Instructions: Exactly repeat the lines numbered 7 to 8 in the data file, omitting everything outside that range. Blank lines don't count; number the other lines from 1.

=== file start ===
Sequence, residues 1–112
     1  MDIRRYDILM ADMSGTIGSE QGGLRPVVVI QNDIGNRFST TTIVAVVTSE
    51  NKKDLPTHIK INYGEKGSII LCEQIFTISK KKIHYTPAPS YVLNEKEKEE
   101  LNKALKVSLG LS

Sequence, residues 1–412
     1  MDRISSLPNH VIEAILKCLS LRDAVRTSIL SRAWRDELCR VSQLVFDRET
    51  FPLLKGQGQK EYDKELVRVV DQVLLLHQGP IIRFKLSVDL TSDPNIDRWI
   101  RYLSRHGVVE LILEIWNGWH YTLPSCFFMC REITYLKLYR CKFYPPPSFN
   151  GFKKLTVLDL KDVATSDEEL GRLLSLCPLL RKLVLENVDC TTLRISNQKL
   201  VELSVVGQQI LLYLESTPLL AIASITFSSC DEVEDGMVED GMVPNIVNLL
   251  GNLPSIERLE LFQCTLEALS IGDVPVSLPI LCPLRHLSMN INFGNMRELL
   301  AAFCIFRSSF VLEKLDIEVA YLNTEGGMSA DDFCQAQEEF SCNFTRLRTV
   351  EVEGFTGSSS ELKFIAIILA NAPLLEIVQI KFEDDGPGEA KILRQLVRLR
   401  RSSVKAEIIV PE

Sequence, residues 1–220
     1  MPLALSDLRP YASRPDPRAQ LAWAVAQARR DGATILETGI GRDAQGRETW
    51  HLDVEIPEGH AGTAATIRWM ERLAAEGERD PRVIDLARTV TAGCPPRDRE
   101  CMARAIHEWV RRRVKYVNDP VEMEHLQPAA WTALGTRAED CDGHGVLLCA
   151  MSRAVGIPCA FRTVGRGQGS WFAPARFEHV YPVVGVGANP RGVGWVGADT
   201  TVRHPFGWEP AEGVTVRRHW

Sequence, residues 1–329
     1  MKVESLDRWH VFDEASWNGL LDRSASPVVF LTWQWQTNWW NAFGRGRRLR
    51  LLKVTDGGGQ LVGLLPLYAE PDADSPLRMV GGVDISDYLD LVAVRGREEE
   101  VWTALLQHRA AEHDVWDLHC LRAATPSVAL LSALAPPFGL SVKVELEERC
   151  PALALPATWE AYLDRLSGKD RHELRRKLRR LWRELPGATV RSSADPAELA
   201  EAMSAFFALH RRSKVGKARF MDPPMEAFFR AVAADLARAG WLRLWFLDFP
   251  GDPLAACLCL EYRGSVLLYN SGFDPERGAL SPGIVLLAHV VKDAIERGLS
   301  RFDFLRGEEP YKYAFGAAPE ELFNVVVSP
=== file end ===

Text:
    51  FPLLKGQGQK EYDKELVRVV DQVLLLHQGP IIRFKLSVDL TSDPNIDRWI
   101  RYLSRHGVVE LILEIWNGWH YTLPSCFFMC REITYLKLYR CKFYPPPSFN